Whether we like it or not, the world is getting smaller and we are all part of what is increasingly a Global Community. Many U.S. citizens now reside abroad, whether by choice, employment, or military assignment. If you are a U.S. citizen residing overseas, you face unique estate planning challenges. Among them is the possibility that you may be required to pass assets on to people other than those whom you would choose.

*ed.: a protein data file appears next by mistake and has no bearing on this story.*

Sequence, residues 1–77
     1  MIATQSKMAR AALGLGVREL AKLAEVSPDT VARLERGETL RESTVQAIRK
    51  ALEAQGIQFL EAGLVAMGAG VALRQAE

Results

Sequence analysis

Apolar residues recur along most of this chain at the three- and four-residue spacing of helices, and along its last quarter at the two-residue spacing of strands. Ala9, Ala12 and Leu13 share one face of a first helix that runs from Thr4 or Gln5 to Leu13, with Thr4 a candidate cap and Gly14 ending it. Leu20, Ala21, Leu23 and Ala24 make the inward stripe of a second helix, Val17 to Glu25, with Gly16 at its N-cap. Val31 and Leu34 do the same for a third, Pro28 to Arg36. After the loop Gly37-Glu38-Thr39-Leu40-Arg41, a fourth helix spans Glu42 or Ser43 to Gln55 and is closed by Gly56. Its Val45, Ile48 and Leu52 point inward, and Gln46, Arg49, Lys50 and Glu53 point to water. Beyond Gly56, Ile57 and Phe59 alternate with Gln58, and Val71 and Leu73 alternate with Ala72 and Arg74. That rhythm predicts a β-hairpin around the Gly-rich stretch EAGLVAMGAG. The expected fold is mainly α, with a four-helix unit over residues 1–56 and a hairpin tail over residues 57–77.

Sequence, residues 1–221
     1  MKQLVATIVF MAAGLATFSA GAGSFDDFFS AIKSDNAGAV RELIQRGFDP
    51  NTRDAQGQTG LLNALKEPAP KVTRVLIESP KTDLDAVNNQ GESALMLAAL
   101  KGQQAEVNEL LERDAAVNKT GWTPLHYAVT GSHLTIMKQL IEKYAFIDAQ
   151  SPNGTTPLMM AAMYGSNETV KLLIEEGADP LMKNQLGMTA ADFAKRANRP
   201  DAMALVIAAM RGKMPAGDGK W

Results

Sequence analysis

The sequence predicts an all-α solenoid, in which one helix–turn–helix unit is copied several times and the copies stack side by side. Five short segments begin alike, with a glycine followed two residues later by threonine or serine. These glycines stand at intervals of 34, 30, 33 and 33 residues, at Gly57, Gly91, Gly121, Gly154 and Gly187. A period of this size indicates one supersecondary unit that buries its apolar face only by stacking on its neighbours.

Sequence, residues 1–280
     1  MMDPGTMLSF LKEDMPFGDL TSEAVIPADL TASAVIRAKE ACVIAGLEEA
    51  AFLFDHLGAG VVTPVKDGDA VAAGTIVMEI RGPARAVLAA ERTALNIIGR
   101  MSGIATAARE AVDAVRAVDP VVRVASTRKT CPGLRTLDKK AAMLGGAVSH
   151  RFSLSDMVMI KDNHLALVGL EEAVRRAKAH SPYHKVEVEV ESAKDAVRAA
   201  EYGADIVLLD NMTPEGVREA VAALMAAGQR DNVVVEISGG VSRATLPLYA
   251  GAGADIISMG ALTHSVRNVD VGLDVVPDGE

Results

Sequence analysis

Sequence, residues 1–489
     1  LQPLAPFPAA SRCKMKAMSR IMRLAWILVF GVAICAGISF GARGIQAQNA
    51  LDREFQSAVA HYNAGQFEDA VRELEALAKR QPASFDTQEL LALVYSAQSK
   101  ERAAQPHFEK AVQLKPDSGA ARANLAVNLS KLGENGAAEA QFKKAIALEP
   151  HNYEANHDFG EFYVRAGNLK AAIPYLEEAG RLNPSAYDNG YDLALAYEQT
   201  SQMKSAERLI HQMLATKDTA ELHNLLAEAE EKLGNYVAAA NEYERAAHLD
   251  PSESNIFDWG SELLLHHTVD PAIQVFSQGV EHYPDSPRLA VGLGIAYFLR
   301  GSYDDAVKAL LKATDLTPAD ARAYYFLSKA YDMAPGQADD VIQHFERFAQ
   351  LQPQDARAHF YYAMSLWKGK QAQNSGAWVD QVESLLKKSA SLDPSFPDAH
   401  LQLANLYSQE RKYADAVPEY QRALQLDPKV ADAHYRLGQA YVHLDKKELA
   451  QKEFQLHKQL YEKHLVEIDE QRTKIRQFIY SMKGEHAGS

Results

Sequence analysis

A recent article in the New York Times highlighted this issue of forced heirship “in many parts of the world, notably the Middle East, where Islamic law predominates, and continental Europe.” Forced-heirship rules mandate that proportions of an estate be left to certain family members, and in some countries these rules apply to all residents, even U.S. citizens.
If you, or someone you love, reside overseas, you are well-advised to consult with a U.S. attorney as well as a local lawyer in the jurisdiction in which you are living. Additionally, you may want to keep as little wealth as possible in your country of temporary residence.